A California woman was arrested after trying to use someone else’s identity to open a bank account.
Megan Hawkins, 29, also known as “Monster,” was one of the inmates featured on the Netflix series Jailbirds, a show about women in the Sacramento County main jail. It was filmed last summer, but just began airing this month on Netflix.
Hawkins was allegedly in an Elk Grove bank trying to open a checking account using an ID that did not belong to her. The show must have been fresh in one bank employee’s mind, because someone recognized Hawkins, and the police were called.
She is one of the most recognizable characters in the tv series, with her nickname, “Monster,” tattooed above her eye and her tongue split down the middle.
“She has some pretty identifiable tattoos so they recognized her automatically,” an Elk Grove Police Department officer, Jason Jimenez, told CBS Sacramento.
Hawkins had left the bank before the police officers arrived, but they found her in a parked vehicle close by, where she was detained. Officers discovered that the vehicle she was driving was reported stolen. A search of the vehicle also turned up several credit cards that belonged to various people, and a controlled substance (that has not been identified at this time).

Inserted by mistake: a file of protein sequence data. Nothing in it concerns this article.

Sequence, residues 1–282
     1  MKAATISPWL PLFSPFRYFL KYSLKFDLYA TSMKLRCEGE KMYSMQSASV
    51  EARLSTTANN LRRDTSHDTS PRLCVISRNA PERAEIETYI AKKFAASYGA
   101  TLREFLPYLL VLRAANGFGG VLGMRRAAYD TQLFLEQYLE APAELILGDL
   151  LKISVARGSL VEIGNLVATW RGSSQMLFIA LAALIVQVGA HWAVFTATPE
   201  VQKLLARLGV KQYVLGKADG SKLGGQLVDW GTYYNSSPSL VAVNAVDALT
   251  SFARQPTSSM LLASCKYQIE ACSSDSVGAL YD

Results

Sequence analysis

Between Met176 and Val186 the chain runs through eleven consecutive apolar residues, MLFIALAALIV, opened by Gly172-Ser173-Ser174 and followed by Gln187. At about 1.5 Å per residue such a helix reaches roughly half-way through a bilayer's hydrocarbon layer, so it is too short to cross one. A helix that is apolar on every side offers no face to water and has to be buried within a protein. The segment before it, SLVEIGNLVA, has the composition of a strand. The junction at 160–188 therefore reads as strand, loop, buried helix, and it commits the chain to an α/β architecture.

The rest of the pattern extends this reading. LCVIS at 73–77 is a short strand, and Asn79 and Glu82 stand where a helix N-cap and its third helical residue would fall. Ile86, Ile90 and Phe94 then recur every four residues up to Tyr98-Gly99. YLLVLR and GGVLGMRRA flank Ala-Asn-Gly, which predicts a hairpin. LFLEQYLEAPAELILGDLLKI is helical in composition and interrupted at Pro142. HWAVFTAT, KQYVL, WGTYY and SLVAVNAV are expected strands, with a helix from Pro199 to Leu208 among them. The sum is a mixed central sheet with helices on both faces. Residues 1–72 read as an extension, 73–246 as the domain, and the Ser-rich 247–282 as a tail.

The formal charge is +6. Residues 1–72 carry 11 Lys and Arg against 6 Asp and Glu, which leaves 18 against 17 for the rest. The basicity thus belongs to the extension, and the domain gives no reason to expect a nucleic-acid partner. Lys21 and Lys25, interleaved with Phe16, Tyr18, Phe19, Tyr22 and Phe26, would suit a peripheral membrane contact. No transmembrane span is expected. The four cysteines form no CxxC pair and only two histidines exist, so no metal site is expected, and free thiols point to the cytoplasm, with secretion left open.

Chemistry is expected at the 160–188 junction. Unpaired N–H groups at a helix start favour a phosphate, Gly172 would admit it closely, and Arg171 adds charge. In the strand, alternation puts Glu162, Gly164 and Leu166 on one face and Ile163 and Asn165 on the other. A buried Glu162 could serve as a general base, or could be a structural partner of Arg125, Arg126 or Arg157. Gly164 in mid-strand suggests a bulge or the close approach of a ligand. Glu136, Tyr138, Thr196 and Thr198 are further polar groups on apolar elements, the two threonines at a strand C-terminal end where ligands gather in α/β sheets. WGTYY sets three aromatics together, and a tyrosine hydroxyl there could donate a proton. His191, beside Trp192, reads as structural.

She was then arrested for charges including unlawful possession of controlled substances, fictitious check, possession of a stolen vehicle, unlawful use of personal identifying information, and violation of probation. She was taken back to Sacramento County main jail, the same jail where she gained her Jailbirds fame.
Hawkins was just released on probation May 8th, after serving time for charges including auto theft.
In an interview at the beginning of this week, Hawkins denied stealing the car she drove to the bank, saying that she wouldn’t be “that dumb” to commit a crime now that she has achieved Netflix fame. “They’re like, ‘Oh my God! Monster!’ like literally everywhere I go. I’m not stupid. So if everywhere I go, people stop me and they want to take pictures and they want me to sign an autograph–come on now. Am I really going to go and do something stupid like they’re saying?”
That’s what I’d like to think, but how’d someone else’s ID get in your hands at the bank, Monster?